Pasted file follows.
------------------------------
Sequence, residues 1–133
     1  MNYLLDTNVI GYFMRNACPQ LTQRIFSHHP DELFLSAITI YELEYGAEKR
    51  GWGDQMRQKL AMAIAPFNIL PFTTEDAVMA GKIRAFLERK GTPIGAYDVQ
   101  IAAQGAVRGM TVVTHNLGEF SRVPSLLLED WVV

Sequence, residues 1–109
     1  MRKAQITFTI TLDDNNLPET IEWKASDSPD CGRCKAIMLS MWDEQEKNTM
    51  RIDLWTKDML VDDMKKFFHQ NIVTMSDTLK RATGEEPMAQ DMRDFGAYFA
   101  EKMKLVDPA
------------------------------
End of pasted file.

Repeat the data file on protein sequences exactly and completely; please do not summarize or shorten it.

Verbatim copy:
Sequence, residues 1–133
     1  MNYLLDTNVI GYFMRNACPQ LTQRIFSHHP DELFLSAITI YELEYGAEKR
    51  GWGDQMRQKL AMAIAPFNIL PFTTEDAVMA GKIRAFLERK GTPIGAYDVQ
   101  IAAQGAVRGM TVVTHNLGEF SRVPSLLLED WVV

Sequence, residues 1–109
     1  MRKAQITFTI TLDDNNLPET IEWKASDSPD CGRCKAIMLS MWDEQEKNTM
    51  RIDLWTKDML VDDMKKFFHQ NIVTMSDTLK RATGEEPMAQ DMRDFGAYFA
   101  EKMKLVDPA